The sooner Nord Stream 2…
Natural gas supply concerns continue…
Energy prices in Europe have hit records due to a shortage of natural gas and much lower than expected wind power output, the Wall Street Journal has reported. Some countries have even been forced to restart coal power plants to ensure enough electricity reaches consumers.
The UK is suffering the most from the drop in wind power output, caused by mild weather. The country, which prides itself on its wind capacity and whose Prime Minister last year said wind farms could power every home by 2030, produced less than 1 GW of wind power on several days. This compares with a generation capacity of 24 GW, according to ICIS senior energy economist Stefan Konstantinov.
Gas prices, meanwhile, are running at record highs because of the asynchrony in demand—spurred by the reopening of EU economies after lockdowns—and supply, which has been constrained because the EU is not the only region where economies are reopening after lockdowns.
Insider reported that wholesale gas prices in Europe had surged by as much as 450 percent over the past year, causing electricity prices in Germany and France to hit records, too.
“It took a lot of people by surprise,” ICIS’ Konstantinov told the Wall Street Journal about the gas crunch. “If this were to happen in winter when we’ve got significantly higher demand, then that presents a real issue for system stability.”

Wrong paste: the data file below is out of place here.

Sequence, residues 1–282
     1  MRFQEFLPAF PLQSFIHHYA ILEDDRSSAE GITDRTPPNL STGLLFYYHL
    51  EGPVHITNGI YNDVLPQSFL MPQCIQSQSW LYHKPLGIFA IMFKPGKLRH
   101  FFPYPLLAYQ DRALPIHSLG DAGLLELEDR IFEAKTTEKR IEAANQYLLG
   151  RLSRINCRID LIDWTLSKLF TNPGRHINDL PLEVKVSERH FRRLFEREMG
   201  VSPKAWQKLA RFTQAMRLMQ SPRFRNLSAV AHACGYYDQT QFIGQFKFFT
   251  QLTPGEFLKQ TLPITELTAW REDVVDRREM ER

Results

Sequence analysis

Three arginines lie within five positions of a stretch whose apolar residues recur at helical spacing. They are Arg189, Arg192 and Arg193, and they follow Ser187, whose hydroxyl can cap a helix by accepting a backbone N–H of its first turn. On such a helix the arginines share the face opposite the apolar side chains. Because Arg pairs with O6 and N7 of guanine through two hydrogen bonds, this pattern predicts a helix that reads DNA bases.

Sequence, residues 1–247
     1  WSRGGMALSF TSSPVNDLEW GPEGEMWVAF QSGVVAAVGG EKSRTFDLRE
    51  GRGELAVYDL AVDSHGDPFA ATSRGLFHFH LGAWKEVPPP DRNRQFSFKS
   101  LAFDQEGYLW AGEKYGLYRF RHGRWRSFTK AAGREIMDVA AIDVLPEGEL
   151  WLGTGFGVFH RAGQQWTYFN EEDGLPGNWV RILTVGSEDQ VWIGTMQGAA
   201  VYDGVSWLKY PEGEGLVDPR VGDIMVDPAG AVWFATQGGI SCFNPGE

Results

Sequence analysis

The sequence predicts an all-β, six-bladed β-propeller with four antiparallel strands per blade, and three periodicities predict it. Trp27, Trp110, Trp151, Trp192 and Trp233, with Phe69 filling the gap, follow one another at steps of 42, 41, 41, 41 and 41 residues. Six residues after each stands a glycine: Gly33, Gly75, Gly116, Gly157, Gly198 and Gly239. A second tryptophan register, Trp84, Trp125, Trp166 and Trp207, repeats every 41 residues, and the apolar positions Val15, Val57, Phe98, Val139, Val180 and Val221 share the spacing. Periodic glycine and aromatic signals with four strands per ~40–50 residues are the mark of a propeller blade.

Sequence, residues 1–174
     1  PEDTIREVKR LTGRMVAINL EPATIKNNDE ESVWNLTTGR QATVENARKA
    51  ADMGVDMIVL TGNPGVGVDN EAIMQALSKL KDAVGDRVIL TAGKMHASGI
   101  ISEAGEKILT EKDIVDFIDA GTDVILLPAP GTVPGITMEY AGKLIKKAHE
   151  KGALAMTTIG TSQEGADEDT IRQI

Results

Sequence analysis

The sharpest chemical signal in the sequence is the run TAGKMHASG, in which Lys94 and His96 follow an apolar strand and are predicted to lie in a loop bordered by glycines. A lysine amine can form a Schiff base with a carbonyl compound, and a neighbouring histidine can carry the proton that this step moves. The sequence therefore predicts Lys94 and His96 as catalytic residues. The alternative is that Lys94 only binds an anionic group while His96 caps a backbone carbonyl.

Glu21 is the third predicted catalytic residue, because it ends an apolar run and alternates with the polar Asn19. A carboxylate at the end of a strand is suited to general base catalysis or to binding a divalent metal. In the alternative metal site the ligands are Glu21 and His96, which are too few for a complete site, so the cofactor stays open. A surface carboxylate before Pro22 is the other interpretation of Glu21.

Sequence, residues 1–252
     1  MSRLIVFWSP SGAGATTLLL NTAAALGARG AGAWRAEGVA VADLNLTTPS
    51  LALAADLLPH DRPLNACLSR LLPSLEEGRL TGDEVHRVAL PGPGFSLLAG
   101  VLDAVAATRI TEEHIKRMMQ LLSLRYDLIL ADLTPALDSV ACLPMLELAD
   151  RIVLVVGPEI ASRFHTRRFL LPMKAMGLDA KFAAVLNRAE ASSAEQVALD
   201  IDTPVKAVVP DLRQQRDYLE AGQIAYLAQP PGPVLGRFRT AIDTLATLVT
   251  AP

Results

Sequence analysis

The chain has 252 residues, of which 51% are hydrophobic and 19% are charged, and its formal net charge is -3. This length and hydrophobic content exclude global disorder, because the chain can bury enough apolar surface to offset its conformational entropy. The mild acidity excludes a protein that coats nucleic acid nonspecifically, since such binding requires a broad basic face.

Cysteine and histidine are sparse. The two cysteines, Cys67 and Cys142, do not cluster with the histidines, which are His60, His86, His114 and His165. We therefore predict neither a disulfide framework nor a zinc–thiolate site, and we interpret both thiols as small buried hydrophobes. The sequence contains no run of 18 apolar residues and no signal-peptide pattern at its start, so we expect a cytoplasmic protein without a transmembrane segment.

Unfortunately, it could still happen in the winter, depending on whether it turns out to be mild or not.
“People are starting to throw the ‘crisis’ word around when it comes to Europe,” John Kilduff from Again Capital told CNBC. “Europe is squarely behind the eight ball going into the winter season. It’s going to put the focus on this commodity that’s been overlooked for the last several years.”
Gas reserves in Europe are 7.6 percent below the five-year average for this time of year. And there is little hope they will be replenished in time for the start of winter. On the other hand, as summer releases its grip on wind power, output from the North Sea should increase, alleviating some of the shortage.
By Irina Slav for Oilprice.com
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Irina is a writer for Oilprice.com with over a decade of experience writing on the oil and gas industry.